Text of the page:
Current state of the laser/punch combo in metal fabricating The FABRICATOR STAMPING Journal The Welder The Tube and Pipe Journal The FABRICATOR en Español The Additive Report The FABRICATOR The Welder The Tube and Pipe Journal STAMPING Journal The Additive Report The FABRICATOR en Español

A cut part really isn’t “finished” until the next operation, such as bending, can do something with it. Gettty Images The FABRICATOR and laser cutting grew up together. The publication’s laser coverage goes back to 1974. “LASER METAL CUTTING” read the May issue’s front-page headline over a grainy photo of a 500-watt CO₂ laser mounted onto an oxyfuel cutting table gantry. By today’s standards, the cutting head crawled, but back then it was a thing to behold. In the decades since, the laser has shaped the sheet metal fabrication business. In the 1980s and 1990s, just having a laser cutting machine was enough to set an operation apart. Next came automation, then lights-out automation, then the transition from the CO₂ to the fiber laser, then more sophisticated automation and autonomous cutting in which the machine learns and improves over time. The technological march forward continues unabated, with machine-makers manipulating the fiber laser beam to improve the cut edge and eliminate the need for deburring. The change comes so rapidly, it can leave your head spinning. So in this 50th year of The FABRICATOR, we’re diving deep and running a series on the cutting department. We’re t...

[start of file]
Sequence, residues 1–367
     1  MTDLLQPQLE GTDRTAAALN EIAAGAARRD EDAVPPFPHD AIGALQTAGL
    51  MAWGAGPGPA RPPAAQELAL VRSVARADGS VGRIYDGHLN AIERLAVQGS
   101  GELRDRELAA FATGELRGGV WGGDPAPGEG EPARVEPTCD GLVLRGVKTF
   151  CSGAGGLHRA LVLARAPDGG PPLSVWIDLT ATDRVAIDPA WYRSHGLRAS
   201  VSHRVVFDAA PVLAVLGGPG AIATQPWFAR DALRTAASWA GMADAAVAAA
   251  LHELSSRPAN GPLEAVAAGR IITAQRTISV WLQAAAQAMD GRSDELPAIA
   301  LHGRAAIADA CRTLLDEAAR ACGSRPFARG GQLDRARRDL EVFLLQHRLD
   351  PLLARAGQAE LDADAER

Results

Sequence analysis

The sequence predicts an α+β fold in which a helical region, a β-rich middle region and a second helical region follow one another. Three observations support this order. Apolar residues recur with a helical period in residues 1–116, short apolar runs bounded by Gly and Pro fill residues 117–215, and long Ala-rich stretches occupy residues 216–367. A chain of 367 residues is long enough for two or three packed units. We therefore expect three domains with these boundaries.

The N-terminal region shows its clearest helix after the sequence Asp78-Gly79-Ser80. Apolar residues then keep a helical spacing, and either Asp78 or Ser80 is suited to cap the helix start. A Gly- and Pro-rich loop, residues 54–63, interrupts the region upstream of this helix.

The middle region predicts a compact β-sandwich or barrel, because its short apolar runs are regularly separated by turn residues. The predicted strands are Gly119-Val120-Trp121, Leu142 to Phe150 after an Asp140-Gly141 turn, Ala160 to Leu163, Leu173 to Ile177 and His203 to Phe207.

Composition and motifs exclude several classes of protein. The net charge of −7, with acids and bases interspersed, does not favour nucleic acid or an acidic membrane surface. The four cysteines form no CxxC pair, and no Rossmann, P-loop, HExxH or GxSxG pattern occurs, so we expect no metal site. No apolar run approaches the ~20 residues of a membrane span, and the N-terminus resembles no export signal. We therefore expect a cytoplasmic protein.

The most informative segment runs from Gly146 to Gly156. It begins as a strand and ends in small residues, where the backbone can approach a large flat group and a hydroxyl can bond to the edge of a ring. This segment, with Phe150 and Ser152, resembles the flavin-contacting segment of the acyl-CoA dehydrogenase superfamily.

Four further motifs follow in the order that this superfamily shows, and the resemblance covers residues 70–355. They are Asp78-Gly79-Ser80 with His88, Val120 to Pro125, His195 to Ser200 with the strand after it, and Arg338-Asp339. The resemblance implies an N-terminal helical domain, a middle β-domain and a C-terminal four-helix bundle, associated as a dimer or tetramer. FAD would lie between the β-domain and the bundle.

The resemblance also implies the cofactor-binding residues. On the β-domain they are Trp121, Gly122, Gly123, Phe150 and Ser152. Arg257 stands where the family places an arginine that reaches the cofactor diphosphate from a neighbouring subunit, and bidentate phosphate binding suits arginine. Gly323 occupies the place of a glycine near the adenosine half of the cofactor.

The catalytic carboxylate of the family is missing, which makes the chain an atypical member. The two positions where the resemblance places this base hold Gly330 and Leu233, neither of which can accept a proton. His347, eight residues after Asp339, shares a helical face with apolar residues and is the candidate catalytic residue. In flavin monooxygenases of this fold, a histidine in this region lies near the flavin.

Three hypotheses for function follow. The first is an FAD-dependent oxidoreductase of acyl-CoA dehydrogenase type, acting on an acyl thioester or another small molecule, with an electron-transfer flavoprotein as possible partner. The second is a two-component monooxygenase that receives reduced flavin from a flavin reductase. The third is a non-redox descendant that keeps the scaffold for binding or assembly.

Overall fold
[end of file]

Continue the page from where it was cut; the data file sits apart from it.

Tailor-made plastics protect the heart of electric cars

This site is operated by a business or businesses owned by Informa PLC and all copyright resides with them. Informa PLC’s registered office is 5 Howick Place, London SW1P 1WG. Registered in England and Wales. Number 8860726. Trends such as climate and resource protection, but also increasing mobility, are spurring the development of alternative drive technologies, including electromobility. The core element of future mobility concepts is a powerful lithium-ion battery. It will be part of the powertrain but should also enable new forms of connectivity and autonomous driving. Resin supplier Covestro has many years of experience with encapsulating lithium-ion batteries for laptops and other electronic devices and has developed various polycarbonate blends for this purpose. Due to their favorable property profile, the materials are also well suited for manufacturing modules, housing parts, cell holders and crash absorbers for electric car batteries. They are lightweight yet robust and dimensionally stable and, depending on requirements, they also come equipped with a flame retardant. At booth number 369 at the Battery Show in Stuttgart, the company will present its current dev...